Try Affordable Group Training, Says Trainer Hannah Hill

Riverside Wellness Center Offers Group & Individual Training
Trainer Hannah Hill
Trainer Hannah Hill works with client Domeka Kelley. Photo courtesy Riverside Wellness and Fitness Center

Everyone thinks a personal trainer is a pricey luxury—and it can be for many pocketbooks. But there are options, such as small group training that can be more affordable, according to trainer Hannah Hill.

“We train people from all walks of life, and we guide you so you put in the work needed for success,” said Hannah, an exercise specialist with Riverside Wellness and Fitness Center in Newport News and Gloucester. “We help you stay accountable.”

Whether you work one-on-one with a personal trainer or in a group setting, each person is individually evaluated and a personal plan and goals are set.

“I make sure I take the time to get to know each client and their abilities,” said Hannah, 25, who graduated with a degree in kinesiology, the scientific study of human body movement, from the University of North Carolina.

Helping people reach and maintain their fitness goals makes Hannah realize she chose the right career path. Like the time a client told her that training sessions put a sense of purpose back in her life. Or the time a group of clients made shirts with her nickname and then gave her a jacket to commemorate the end of their training.

“It made me realize that personal training is way more than personal training,” Hannah said. “Clients soon become like family. I like to give clients the tools and skills they need to continue our sessions on their own. My goal is to transition them from supervised training to doing their own workouts independently.”

Nutrition Meets Fitness at Jim White Fitness

Dieticians on Staff Advice Clients on Best Practices
Personal Trainer and gym owner Jim White
Personal trainer and gym owner Jim White believes good nutrition and fitness training go hand in hand. Photo courtesy Jim White

Nutrition and how it relates to a healthier, stronger body have always been at the forefront of Jim White’s drive to help people achieve their fitness goals. Which is why his two gym locations includes eight dietitians along with 22 trainers, all schooled and certified in their respective fields.

Jim, 43, is also a registered dietitian and an exercise physiologist graduate from the American College of Sports Medicine. His medium-sized gyms offer one-on-one, small group, virtual, and semi-private training, as well as nutritional counseling, which is usually covered by health insurance, according to Jim.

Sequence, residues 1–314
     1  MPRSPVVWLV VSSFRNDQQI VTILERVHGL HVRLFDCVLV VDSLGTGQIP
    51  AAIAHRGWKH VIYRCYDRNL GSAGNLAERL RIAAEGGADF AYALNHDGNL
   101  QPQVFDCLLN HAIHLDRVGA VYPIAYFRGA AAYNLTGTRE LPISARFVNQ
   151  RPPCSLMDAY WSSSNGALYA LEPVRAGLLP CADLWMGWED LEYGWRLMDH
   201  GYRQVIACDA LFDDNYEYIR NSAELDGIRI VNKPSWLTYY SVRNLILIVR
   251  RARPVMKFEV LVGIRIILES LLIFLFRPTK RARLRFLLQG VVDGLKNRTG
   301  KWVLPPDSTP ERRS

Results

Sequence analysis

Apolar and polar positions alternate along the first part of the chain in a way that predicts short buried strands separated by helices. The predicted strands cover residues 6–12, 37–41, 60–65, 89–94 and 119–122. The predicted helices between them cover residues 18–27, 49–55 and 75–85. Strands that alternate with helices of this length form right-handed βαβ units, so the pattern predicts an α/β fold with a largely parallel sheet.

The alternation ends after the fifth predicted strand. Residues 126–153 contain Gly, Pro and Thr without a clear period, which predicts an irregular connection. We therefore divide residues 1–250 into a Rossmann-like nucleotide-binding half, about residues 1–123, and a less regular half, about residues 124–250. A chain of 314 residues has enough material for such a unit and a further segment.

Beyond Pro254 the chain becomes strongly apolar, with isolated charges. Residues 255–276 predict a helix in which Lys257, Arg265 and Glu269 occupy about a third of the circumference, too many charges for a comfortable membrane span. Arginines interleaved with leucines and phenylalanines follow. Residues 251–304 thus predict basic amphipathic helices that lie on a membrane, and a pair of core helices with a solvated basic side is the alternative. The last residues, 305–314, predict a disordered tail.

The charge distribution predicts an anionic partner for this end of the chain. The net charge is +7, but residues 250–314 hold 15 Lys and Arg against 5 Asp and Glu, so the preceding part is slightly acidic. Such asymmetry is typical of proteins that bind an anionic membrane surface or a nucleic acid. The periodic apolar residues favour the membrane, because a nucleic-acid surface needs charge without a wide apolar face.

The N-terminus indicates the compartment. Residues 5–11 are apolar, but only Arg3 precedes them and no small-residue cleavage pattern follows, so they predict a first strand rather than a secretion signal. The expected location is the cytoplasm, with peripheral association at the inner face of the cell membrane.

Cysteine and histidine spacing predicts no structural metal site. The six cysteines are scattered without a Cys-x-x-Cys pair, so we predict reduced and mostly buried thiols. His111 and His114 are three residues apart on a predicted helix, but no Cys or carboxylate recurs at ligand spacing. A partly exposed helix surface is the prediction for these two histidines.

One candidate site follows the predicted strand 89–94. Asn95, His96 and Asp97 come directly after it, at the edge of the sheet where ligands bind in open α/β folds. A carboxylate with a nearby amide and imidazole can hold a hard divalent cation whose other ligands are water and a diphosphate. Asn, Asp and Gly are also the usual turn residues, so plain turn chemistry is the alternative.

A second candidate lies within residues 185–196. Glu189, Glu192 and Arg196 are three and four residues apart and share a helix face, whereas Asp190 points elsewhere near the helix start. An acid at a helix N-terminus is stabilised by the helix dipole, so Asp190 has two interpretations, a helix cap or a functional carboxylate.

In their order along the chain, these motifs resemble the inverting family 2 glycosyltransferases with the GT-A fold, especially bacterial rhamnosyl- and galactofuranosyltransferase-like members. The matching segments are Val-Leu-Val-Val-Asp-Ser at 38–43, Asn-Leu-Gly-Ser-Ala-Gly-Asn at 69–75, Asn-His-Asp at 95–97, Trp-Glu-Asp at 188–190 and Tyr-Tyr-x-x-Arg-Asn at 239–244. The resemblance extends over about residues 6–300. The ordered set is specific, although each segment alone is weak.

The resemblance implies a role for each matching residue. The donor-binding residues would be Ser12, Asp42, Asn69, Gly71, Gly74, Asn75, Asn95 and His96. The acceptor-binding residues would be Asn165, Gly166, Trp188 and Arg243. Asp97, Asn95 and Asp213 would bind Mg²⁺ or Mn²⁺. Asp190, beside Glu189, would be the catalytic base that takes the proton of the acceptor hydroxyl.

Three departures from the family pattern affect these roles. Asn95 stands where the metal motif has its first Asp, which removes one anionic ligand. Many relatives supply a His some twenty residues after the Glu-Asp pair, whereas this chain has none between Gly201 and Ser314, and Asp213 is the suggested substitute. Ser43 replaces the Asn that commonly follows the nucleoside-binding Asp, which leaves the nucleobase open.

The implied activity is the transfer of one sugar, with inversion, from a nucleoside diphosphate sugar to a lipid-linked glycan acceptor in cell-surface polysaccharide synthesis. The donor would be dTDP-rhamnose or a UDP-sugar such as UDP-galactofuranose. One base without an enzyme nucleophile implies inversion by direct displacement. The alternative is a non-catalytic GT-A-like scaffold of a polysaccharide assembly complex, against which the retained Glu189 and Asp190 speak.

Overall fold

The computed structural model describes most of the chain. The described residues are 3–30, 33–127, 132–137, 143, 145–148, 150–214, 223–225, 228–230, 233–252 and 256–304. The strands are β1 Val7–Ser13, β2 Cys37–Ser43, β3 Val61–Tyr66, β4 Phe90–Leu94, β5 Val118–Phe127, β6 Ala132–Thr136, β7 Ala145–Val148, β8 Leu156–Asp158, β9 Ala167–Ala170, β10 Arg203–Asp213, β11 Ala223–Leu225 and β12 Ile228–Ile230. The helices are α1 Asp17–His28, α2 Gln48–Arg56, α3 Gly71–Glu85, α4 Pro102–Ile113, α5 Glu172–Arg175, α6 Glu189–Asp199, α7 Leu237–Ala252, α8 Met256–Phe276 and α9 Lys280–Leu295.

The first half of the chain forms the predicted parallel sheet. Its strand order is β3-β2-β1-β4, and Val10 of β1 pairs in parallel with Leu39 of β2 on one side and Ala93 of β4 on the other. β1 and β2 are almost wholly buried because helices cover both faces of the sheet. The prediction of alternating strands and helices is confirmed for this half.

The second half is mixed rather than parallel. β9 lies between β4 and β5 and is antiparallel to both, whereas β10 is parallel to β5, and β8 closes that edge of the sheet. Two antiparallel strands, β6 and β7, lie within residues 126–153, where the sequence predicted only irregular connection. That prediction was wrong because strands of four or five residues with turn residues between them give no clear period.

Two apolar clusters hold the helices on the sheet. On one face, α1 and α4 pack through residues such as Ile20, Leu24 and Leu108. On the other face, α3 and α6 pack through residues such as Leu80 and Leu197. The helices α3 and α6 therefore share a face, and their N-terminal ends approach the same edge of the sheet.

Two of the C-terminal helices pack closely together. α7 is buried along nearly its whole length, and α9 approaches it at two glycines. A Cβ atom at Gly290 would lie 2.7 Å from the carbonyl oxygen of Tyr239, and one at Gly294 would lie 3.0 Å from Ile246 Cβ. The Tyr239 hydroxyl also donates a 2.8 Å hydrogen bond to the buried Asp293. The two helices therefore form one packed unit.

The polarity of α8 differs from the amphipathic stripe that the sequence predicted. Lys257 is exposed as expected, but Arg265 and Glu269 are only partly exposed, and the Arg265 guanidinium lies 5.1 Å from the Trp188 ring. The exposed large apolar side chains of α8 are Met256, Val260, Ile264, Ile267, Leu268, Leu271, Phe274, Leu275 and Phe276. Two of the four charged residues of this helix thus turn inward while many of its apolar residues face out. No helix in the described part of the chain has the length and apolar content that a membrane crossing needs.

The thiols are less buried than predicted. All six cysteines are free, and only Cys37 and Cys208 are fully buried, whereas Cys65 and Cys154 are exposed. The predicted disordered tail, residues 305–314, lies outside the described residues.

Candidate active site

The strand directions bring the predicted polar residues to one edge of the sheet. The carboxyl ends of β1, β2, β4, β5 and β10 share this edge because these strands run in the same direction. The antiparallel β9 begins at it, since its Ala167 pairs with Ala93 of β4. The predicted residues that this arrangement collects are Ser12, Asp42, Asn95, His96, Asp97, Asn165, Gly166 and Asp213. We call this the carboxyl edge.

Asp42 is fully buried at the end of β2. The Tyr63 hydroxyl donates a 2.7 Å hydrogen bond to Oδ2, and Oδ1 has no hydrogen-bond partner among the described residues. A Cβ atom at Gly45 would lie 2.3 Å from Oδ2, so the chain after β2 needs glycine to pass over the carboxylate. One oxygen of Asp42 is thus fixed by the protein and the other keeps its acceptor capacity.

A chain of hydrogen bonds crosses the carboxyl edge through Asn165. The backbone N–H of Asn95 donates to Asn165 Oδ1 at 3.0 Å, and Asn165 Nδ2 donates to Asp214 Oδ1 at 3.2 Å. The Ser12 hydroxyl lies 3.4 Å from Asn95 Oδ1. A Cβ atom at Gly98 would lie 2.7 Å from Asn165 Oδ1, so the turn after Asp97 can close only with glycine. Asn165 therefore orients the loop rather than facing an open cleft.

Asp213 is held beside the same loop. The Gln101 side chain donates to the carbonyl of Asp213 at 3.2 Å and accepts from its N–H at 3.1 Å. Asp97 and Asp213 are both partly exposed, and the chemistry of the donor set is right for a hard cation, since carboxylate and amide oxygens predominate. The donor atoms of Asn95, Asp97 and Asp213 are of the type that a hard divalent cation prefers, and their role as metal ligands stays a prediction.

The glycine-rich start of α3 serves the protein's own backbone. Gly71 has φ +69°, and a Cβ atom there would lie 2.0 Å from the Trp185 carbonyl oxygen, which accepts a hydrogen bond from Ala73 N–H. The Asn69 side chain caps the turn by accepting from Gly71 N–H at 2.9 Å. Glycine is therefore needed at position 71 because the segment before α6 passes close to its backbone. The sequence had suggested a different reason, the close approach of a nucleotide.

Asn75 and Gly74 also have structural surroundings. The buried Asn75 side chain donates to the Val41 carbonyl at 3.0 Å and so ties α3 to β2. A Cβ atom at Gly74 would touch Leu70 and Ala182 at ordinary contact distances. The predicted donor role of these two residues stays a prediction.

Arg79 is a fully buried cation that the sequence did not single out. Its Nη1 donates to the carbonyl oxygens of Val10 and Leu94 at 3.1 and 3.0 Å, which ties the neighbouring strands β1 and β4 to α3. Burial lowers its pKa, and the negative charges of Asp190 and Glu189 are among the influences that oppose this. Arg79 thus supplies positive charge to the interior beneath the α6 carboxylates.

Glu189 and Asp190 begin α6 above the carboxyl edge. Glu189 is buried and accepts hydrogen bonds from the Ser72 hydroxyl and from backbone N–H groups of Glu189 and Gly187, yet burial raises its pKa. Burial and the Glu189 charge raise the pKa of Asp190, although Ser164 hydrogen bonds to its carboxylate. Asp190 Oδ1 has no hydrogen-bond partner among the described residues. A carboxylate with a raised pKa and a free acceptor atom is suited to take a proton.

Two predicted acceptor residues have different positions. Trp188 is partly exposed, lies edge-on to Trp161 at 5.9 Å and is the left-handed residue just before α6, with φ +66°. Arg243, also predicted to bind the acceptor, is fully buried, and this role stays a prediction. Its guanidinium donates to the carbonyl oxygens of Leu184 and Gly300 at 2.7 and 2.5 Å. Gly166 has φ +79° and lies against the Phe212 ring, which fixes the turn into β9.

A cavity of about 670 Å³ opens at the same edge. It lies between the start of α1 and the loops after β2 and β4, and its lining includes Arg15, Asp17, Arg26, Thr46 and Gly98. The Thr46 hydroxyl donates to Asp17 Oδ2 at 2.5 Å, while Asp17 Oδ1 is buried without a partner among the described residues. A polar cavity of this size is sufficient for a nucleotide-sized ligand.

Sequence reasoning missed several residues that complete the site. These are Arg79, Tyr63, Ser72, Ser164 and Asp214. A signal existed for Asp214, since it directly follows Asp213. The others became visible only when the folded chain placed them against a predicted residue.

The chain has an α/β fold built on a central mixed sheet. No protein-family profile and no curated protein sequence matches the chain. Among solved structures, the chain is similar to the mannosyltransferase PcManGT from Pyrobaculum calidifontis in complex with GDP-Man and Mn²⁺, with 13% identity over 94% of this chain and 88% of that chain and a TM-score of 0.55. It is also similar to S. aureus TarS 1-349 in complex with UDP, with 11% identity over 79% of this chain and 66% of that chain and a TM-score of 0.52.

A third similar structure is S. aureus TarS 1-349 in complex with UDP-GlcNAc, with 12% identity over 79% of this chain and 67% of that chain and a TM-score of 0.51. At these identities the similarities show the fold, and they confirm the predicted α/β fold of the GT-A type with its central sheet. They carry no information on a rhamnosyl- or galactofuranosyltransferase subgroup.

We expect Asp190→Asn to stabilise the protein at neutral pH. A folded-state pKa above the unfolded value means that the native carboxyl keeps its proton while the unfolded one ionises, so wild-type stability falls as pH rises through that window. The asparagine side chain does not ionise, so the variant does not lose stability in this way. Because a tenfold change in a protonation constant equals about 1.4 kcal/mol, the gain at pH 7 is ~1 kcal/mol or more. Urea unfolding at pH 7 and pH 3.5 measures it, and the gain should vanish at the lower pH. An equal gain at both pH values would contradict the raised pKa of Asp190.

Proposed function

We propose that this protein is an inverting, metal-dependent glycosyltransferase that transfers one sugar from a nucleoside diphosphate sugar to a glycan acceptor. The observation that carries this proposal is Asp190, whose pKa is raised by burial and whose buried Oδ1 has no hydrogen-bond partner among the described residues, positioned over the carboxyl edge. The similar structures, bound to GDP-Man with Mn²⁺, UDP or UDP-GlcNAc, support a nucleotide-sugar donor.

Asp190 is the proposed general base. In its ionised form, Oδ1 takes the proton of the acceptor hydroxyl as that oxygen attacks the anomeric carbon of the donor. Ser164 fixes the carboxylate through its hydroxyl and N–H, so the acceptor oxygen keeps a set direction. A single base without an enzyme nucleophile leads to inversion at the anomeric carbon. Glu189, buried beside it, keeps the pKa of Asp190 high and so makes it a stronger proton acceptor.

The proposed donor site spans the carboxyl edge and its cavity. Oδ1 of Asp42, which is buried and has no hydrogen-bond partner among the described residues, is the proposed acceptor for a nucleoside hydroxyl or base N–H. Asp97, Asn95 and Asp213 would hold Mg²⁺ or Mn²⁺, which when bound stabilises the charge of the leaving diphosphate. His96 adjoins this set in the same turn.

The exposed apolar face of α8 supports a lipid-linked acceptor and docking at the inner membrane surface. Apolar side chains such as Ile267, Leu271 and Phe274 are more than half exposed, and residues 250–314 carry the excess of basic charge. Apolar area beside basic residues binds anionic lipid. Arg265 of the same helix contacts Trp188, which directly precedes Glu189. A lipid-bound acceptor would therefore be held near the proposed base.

Clients include kids struggling with eating disorders, people who are morbidly obese, men and women trying to build muscle and bone strength, seniors dealing with balance and flexibility issues, moms, and cancer patients—all walks of life.

One of Jim’s most memorable successes was an anorexic sixth-grader who weighed 60 pounds. Once the boy began eating foods like chicken and broccoli and gaining weight, he started strength training. Today, that now-grown boy is a personal trainer.

“Every person who walks through our door has to see a dietitian because you can’t just do fitness alone and achieve what you want,” he said. “We learn everything we can about you and customize what you need because one size does not fit all. We work with people to get to successes but also work with them through relapses and emotional eating.”

Being the people-person he is, Jim makes sure his time is not just spent on gym management needs. Weekly, he’s on the floor coaching 15 hours and giving nutrition advice eight hours. “I love it. I’ve had clients for 20 years,” he said. “We meet people where they are at. No strict diets because we’ve seen what happens: 80 percent of the people gain the weight back. We are lifestyle coaches, helping people learn to live better.”

“This is what I went to school for and what changed my life.”

For more information, visit:

Kathy Van Mullekom

Kathy Van Mullekom is a retired journalist, whose beats included gardening, women’s issues, restaurant trends, and fashion. Formerly a York County resident and master gardener, she now lives in southeastern Virginia Beach, where her leisure hours are spent golfing with husband Ken and exploring parks with her two grandkids, Mattie, 9, and Grady, 7.

Website: https://www.facebook.com/kathyhoganvanmullekom